Spirit sight is a special sensation for creatures that do not rely on vision. Most of the walking dead and “unliving” creatures, known as feratu, find their prey like this because many feratu do not have functioning eyes. Spirit sight is the detection of a living creature’s aura, biofield or life song. For those without it, it can be best thought of as the radar sense used by the comic-book hero Daredevil. Of course, this means those with spirit sight are not affected by light conditions; however, if one can mask himself from life-detection, then the spirit sight could not know he was there. Of course, this will not work for all feratu, for example vampires, as they make use of normal vision as well (or possibly darkvision for a dwarven vampire).

Devil sight is a power form of seeing. This allows not only vision in any darkness as if normal, but also a being with devil sight can see through magical darkness as well. This method is used often by imps and lesser fiends of the devil phylum to endanger their victims.

Blindsight is a general term for being aware of the surrounding even without vision. In some cases this is due to hearing, air pressure or even magnetism from the ground. In other cases it is a bit more mystical. Most everyone has a minuscule amount of this sensation, but unless an entity is explicitly stated to have it, there are no modifiers to adjust. For example, zombies use primarily spirit sight; however, this is based on feeling presence of life forces around them. But one might ask, how then do zombies not walk into walls, know to use doors, not fall into pits? The explanation is a very low-grade use of blindsight -- not enough to identify the types of rocks, but enough to avoid tripping over them. Other creatures, constructs for example, have a high degree of blindsight. They cannot be blinded nor can deafness alter their perception of things around them. Beings using blindsight as a primary sense cannot see through walls, but they are typically unaffected by glamour type illusions.

Many subterranean creatures have sunlight sensitivity. Batfolk have echolocation. Lizardfolk have vibrational awareness called tremorsense. Some of these have details listed with the race and how members use the sensation; others merely translate to a bonus on Perception. However, it is important to knowledgeable of how these unusual impressions work. It allows a GM to rule for exceptions. For example, echolocation will not work for batfolk who are caught inside a silence spell. A method of mental anguish for a lizardfolk could be placing one in a deprivation chamber to block vibrations; it does no real harm but would become very stressful over time.

Psionics, telepathy and magical means can detect things normally undetectable. The specifics should be detailed in the skill, incantation or axiom. This brings up illusions and how they are perceived. Read the Illusions section for a better understanding. But in that vein, know that something can be invisible (to one type of sensation) and still be seen by others.

The long and short of this is that based on one's senses and awareness of what they mean, everyone should have a better understanding of how characters and monsters can sense and identify others. It also allows one to know when their character is at disadvantage, figuratively and literally. Finally, the table below defines how different sensations work under different circumstances. Whenever there are more than one sensation in play below, then the best of the scenarios applies, except for blind and deaf -- in which case, the worst on the chart is used.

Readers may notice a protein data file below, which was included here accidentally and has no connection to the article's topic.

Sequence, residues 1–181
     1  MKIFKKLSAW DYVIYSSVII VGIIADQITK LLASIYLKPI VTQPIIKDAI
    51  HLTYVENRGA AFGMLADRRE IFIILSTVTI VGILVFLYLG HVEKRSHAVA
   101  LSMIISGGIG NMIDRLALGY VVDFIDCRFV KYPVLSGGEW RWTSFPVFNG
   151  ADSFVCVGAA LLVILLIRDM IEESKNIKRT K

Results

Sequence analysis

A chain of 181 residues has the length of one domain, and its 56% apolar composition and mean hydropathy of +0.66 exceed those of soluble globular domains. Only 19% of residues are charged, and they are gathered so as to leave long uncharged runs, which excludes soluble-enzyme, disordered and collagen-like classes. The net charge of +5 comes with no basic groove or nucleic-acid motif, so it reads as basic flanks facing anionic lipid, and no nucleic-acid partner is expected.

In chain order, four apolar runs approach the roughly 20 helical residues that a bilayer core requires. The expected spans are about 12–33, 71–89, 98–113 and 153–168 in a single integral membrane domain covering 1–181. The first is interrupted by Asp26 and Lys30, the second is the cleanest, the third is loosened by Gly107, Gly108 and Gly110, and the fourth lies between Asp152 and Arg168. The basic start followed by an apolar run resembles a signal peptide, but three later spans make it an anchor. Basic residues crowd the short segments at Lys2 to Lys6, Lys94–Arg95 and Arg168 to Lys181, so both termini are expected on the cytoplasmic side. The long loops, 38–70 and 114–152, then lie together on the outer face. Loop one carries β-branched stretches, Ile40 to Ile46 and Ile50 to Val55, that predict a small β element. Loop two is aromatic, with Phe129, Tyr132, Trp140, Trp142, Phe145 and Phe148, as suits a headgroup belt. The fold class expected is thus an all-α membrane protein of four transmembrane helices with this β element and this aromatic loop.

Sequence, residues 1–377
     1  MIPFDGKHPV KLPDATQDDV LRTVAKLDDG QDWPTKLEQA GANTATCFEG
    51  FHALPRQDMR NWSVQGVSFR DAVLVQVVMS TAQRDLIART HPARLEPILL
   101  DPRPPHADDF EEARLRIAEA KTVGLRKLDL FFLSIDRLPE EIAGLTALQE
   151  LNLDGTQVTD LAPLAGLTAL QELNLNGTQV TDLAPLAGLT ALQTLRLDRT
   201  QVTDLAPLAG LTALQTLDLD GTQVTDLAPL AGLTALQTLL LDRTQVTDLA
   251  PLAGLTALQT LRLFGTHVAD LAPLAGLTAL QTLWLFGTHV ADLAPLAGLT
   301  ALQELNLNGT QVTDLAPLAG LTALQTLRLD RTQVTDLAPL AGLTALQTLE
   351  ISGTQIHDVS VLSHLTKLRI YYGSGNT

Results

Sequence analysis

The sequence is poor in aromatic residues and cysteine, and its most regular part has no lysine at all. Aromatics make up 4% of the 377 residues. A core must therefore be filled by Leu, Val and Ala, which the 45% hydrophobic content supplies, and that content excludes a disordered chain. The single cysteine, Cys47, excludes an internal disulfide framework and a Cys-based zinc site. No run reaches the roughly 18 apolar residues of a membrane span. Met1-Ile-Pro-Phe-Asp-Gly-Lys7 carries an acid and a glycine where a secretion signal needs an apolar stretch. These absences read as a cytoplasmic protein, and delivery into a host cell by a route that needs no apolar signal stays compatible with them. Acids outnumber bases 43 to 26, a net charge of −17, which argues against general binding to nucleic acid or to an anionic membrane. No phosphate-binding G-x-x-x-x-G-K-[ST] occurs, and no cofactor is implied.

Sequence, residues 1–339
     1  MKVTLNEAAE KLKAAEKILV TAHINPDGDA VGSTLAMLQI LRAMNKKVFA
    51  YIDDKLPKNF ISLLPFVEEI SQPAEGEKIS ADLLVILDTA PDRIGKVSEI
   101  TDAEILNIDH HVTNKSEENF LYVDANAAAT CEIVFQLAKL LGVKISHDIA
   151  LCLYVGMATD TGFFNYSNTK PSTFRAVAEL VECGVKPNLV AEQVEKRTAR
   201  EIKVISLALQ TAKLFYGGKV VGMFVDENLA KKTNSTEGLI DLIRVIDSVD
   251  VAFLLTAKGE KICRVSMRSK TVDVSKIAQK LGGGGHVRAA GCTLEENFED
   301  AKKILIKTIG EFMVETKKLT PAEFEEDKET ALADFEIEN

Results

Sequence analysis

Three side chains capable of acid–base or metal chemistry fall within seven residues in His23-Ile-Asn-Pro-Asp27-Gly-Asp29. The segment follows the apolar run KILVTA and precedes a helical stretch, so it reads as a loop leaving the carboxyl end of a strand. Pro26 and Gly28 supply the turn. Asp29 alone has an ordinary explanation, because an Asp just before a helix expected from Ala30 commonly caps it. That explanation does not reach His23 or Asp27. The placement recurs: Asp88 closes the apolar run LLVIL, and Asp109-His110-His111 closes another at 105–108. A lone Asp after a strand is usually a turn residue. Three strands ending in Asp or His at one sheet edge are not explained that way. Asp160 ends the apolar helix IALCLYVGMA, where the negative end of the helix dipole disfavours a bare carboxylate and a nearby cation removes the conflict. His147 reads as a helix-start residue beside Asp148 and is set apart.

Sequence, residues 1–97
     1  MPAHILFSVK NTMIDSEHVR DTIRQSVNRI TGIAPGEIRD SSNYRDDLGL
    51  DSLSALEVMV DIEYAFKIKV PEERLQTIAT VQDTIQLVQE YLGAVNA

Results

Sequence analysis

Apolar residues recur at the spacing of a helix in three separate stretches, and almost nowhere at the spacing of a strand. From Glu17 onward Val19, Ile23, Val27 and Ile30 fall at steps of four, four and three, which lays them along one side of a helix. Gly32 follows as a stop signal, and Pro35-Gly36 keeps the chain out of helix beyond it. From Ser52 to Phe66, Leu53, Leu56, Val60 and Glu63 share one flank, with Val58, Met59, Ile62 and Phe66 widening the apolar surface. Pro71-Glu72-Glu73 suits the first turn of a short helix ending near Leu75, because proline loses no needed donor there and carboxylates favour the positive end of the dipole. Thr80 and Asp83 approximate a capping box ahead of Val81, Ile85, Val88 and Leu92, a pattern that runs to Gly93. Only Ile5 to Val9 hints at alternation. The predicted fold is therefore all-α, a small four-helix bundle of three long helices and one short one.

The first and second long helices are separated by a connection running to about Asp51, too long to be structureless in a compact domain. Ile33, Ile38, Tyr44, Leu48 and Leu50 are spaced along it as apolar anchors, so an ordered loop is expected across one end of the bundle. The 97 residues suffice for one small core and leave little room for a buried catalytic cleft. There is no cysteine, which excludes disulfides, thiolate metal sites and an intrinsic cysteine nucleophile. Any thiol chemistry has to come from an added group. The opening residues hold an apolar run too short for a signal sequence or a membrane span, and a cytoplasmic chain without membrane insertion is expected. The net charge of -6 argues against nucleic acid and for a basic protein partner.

Being AwareIn Direct
Normal VisionNormalNormal-2 Perception-4 PerceptionPerception DisadvantagePerception DisadvantagePerception Required
Deafness-2 Perception-2 Perception-4 PerceptionPerception DisadvantagePerception DisadvantagePerception DisadvantagePerception Required
Sunlight SensitivityPerception DisadvantageNormalNormaln/an/an/an/a
Night VisionNormalNormalNormal-2 PerceptionPerception DisadvantagePerception DisadvantagePerception Required
DarkvisionNormalNormalNormalNormalPerception DisadvantagePerception DisadvantagePerception Required
Spirit SightNormalNormalNormalNormalPerception DisadvantagePerception DisadvantageNormal
Devil SightNormalNormalNormalNormalNormalPerception DisadvantagePerception Required
EcholocationPerception AdvantagePerception AdvantageNormalNormalNormalNormalPerception Required
Tremorsense-2 Perception against Flying-2 Perception against Flying-3 Perception against FlyingPerception Disadvantage against FlyingPerception Disadvantage against FlyingPerception Disadvantage against Flying-2 Perception against Flying
True Sight+3 on Perception+3 on Perception+3 on Perception+3 on Perception+3 on PerceptionNormalNormal

Night vision becomes “normal vision” when indoors or underground
Echolocation must be actively being used
*Movement adjustment occurs when awareness/sight is worse than normal

Starting Skills

What my character can do well.

Starting characters should only select from the basic skills list below. Some races may have additional skills that are not in the basic list as part of their racial abilities. The details of the basic skills and how they are used are explained in the Skills section. Other skills are available and also explained in the Skills section, which is broken into eight different sections: Racial, Combat, Adventuring, Vocational, Magickery, Runes, Divinity and Sorcery.

It is important to note that skills can sometimes be seen by players as a menu at the table-top restaurant. To be fair, in many ways that analogy works; skills are purchased with karma as tender. That said, it is important to remember that just because a skill is listed in the book with a cost doesn't mean it is readily available in the game world -- or that there are not other costs beyond karma spent.